My first piece with EurasiaNet looks at the millions flowing from post-Soviet republics into the New York skyline:
Remember when Russian anti-corruption crusader Alexei Navalny dubbed Russian leader Vladimir Putin and his cronies as “The Party of Liars and Thieves?” Well, a New York Times investigation suggests that a sizable chunk of Russia’s dark money has ended up in New York City’s real estate market.
Over at The Diplomat, meanwhile, I looked at the rough year that awaits Kazakhstan:
Friction with Russia shows no signs of slowing in the economic sphere, either. As the Eurasian Economic Union continues to act as a hamper on Kazakhstan’s sluggish economic outlook, recent voices have begun calling for the reinstatement of customs checkpoints along the Kazakhstani-Russian border – effectively negating any purpose of a customs union in the first place. The protectionist measure hasn’t yet taken form, but has received support from one of the country’s most Russian-heavy enclaves in Pavlodar. Citing the recent flood of cheap Russian products, the region’s vice-governor offered “to introduce a ban or limit [on] the import from Russia for those goods that domestic producers are capable of supplying in sufficient quantities on their own[.]” This, presumably, casts a wide net.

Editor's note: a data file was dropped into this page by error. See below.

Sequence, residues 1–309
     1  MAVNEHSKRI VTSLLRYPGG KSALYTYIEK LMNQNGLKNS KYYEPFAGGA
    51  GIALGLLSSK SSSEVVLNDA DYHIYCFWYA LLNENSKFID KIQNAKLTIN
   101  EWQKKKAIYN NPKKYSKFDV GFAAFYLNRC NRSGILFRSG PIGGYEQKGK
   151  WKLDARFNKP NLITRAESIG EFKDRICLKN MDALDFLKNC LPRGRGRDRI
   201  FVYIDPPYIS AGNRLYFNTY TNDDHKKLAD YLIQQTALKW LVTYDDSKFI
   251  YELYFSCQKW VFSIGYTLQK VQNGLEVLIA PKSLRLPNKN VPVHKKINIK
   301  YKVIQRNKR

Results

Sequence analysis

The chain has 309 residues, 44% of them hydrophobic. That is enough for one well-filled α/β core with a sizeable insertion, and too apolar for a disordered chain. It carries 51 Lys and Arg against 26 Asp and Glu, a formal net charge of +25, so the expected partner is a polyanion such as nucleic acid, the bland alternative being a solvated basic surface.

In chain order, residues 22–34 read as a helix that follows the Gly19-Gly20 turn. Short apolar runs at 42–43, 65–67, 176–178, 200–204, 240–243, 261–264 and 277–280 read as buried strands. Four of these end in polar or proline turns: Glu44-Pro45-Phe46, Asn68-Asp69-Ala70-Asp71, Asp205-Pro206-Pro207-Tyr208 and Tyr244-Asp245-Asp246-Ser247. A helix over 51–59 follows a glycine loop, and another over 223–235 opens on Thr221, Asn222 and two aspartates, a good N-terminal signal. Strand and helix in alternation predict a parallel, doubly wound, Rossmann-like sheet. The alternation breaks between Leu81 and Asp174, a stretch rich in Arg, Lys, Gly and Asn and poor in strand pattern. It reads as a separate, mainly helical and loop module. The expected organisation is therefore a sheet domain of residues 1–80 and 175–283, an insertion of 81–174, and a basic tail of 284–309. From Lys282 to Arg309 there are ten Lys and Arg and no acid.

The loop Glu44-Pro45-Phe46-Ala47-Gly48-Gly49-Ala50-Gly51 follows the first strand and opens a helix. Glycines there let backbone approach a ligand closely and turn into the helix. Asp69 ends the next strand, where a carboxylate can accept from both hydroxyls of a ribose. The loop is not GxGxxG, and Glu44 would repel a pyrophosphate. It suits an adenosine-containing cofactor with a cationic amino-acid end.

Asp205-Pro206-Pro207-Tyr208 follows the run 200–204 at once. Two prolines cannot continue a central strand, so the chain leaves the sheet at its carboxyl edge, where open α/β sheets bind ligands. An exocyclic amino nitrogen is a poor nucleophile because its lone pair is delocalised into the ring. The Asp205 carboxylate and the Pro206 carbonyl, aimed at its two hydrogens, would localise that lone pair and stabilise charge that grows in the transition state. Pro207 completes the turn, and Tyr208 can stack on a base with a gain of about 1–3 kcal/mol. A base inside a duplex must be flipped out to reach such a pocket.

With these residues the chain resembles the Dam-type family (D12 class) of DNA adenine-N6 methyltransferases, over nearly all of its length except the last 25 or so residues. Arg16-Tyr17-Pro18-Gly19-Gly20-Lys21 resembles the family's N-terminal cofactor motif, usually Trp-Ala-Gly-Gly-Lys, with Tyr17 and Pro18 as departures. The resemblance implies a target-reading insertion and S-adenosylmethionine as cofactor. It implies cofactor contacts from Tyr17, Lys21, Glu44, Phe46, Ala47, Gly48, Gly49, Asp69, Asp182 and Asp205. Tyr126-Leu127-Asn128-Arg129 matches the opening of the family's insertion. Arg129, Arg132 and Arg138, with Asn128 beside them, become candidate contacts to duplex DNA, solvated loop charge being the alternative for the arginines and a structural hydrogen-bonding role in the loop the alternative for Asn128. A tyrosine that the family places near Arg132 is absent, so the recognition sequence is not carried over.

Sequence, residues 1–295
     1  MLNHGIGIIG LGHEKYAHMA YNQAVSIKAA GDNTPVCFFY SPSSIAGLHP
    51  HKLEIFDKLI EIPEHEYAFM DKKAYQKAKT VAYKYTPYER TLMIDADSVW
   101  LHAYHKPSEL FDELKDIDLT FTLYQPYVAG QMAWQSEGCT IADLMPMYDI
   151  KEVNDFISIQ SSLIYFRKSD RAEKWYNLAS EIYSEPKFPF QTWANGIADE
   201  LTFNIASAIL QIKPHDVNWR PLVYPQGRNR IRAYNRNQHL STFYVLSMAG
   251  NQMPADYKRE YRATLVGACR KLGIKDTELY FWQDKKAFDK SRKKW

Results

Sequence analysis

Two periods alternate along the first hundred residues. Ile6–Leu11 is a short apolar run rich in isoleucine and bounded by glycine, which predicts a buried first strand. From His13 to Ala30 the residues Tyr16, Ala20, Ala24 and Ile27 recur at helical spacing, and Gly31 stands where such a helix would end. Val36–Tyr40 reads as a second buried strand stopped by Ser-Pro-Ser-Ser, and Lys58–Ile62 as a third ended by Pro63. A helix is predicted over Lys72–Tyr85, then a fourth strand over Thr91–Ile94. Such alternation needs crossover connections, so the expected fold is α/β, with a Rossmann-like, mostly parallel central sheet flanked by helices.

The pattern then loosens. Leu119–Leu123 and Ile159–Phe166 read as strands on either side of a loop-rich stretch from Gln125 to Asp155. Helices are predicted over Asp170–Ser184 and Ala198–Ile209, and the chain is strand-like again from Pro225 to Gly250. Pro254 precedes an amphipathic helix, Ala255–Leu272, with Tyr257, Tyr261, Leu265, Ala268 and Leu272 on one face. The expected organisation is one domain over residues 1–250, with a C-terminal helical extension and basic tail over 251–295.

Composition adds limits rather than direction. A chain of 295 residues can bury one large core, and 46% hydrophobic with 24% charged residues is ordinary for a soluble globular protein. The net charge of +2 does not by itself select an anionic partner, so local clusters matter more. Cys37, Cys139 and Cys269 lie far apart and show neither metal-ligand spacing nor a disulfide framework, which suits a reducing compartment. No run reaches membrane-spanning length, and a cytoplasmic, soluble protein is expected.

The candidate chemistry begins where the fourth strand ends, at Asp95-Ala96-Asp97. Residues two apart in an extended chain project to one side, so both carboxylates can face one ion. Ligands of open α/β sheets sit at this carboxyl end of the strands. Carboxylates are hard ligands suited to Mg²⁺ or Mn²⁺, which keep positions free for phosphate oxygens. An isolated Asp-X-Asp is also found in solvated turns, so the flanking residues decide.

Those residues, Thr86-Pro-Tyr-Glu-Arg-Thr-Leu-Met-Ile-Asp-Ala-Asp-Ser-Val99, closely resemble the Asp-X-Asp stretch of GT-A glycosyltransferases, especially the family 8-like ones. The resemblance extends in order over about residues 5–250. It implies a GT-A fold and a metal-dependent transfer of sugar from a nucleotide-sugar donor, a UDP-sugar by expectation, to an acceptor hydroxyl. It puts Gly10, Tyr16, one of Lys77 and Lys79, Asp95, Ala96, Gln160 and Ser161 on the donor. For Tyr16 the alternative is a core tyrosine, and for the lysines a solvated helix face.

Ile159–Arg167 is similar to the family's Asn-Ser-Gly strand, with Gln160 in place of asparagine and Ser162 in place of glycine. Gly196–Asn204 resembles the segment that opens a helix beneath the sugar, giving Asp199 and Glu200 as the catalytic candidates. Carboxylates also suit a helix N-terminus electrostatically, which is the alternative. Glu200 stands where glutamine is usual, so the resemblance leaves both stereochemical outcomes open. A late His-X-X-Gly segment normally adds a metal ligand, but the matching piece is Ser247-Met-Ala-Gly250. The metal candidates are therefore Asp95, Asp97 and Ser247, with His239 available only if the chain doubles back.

If and when customs checkpoints return to the border – and if they remain along the Kazakhstani-Kyrgyzstani border, as is presumed – this would see customs checkpoints along nearly every land-border within the Eurasian Union. Indeed, the only land-border that would not see customs checkpoints may well be between Armenia and Nagorno-Karabakh, an unrecognized statelet carved out of Azerbaijan. Not a situation that necessarily illustrates legitimacy.